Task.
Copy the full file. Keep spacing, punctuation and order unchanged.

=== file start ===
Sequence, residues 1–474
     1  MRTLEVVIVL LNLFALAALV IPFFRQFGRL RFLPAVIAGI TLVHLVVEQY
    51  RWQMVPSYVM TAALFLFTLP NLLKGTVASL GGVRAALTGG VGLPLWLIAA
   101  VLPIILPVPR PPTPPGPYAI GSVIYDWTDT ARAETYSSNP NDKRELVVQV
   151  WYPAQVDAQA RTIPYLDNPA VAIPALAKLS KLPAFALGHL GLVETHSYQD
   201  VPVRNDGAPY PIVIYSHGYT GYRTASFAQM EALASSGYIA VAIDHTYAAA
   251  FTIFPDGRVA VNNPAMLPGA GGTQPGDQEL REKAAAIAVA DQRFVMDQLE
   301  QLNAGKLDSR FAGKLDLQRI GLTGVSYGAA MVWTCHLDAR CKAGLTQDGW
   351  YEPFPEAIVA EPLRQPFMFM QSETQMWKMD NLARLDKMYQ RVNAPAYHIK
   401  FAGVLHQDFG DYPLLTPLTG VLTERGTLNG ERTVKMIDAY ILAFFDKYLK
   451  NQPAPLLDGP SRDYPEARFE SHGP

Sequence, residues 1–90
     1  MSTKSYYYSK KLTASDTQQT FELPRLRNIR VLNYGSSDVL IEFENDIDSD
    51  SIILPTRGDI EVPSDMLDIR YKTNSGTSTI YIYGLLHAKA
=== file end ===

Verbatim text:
Sequence, residues 1–474
     1  MRTLEVVIVL LNLFALAALV IPFFRQFGRL RFLPAVIAGI TLVHLVVEQY
    51  RWQMVPSYVM TAALFLFTLP NLLKGTVASL GGVRAALTGG VGLPLWLIAA
   101  VLPIILPVPR PPTPPGPYAI GSVIYDWTDT ARAETYSSNP NDKRELVVQV
   151  WYPAQVDAQA RTIPYLDNPA VAIPALAKLS KLPAFALGHL GLVETHSYQD
   201  VPVRNDGAPY PIVIYSHGYT GYRTASFAQM EALASSGYIA VAIDHTYAAA
   251  FTIFPDGRVA VNNPAMLPGA GGTQPGDQEL REKAAAIAVA DQRFVMDQLE
   301  QLNAGKLDSR FAGKLDLQRI GLTGVSYGAA MVWTCHLDAR CKAGLTQDGW
   351  YEPFPEAIVA EPLRQPFMFM QSETQMWKMD NLARLDKMYQ RVNAPAYHIK
   401  FAGVLHQDFG DYPLLTPLTG VLTERGTLNG ERTVKMIDAY ILAFFDKYLK
   451  NQPAPLLDGP SRDYPEARFE SHGP

Sequence, residues 1–90
     1  MSTKSYYYSK KLTASDTQQT FELPRLRNIR VLNYGSSDVL IEFENDIDSD
    51  SIILPTRGDI EVPSDMLDIR YKTNSGTSTI YIYGLLHAKA